"This is a new policy," said Antonio Chiang, a former top official in the DPP government, and now a media commentator. "They [the Chinese] know that if you can win over ‘green’ people, you can win over Taiwan."

"That’s why we’ve become a target," said Chiang. "It’s political, that’s very obvious."

In recent months, prominent members of the pro-independence camp have received invites from local governments in China for all-expenses paid junkets, say Chiang and others.

The latest slew of invites was for a cross-strait forum held in May in China's Fujian Province; China’s state-run media said that 8,000 Taiwanese attended.

Hsiao, the DPP official, dismissed that event as a "da bai-bai" (a grand respects-paying occasion) and said that no high-ranking or elected DPP officials had attended.

In a recent editorial in the Wall Street Journal, another former top DPP government official, Parris Chang, also sounded the alarm, writing: "Beijing appears to be playing a wily game both to encourage internal divisions within the DPP and to discredit the DPP on the international stage."

It remains to be seen, of course, whether Beijing's charm offensive will work.

"They're clearly trying to win them [DPP members] across," said Bruce Jacobs, a Taiwan expert at Australia's Monash University. "Whether they will be successful is another issue. But there's no question they're trying."

Beset with such difficulties, the party is scrambling for a survival strategy. For one, it’s drafting a list of do’s and dont’s for party members’ travel to China.

In the meantime, it’s made it known that elected officials and ranking members at party central should not go to China; other party members should be wary.

"We rely on the self-discipline of our party members, not to fall into the divide and conquer traps that they [the Chinese] are laying out," said Hsiao.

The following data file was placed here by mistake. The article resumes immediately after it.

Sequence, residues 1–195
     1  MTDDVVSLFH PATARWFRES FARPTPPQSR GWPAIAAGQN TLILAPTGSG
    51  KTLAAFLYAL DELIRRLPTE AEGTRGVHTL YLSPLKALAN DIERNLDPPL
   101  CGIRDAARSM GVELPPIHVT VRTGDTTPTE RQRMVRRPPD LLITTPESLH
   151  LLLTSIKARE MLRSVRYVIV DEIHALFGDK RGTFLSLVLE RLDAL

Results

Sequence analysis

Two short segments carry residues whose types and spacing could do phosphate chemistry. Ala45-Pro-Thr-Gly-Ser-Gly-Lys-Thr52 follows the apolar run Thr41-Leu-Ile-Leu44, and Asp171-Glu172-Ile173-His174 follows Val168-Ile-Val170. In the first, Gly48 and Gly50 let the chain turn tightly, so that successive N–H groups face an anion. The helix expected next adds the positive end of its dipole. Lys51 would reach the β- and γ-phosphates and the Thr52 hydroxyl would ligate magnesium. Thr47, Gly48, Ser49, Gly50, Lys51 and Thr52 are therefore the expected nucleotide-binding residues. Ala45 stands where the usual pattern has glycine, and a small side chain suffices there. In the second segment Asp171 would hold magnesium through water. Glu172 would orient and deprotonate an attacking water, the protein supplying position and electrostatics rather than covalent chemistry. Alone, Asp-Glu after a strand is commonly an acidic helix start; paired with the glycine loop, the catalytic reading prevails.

Meanwhile, the party is looking for creative ways to raise money: in May it launched a system for accepting donations through convenience stores ("We’re the only political party in the world where you can donate to us through 7-11," said Hsiao.)

And it’s returning to its scrappy, street-protest roots to try to prop up flagging morale. The latest large-scale protests were May 17, in both Taipei and Kaohsiung.

But even Hsiao admits that the mood in the party is dark.

Some pro-independence hardliners are becoming more radicalized, Hsiao said, as Taiwan’s government leans ever closer to China.

Others are simply losing interest in politics. "Some of our supporters have turned apathetic — they say there’s no hope; we might not even have another election because we’ll be part of China soon," said Hsiao. "A lot of people have said that to me, that’s scary and sad."

Such talk is likely paranoia; President Ma Ying-jeou has publicly ruled out unification during his term.

In the end, Hsiao says, the party can't fight the political headwinds alone — the Taiwanese will have to step up.

"We’re being squeezed to the limit; we have no choice but to rely on the people of Taiwan," said Hsiao. "If they decide there’s value in a multiparty system, then they’ll have a stake in our survival."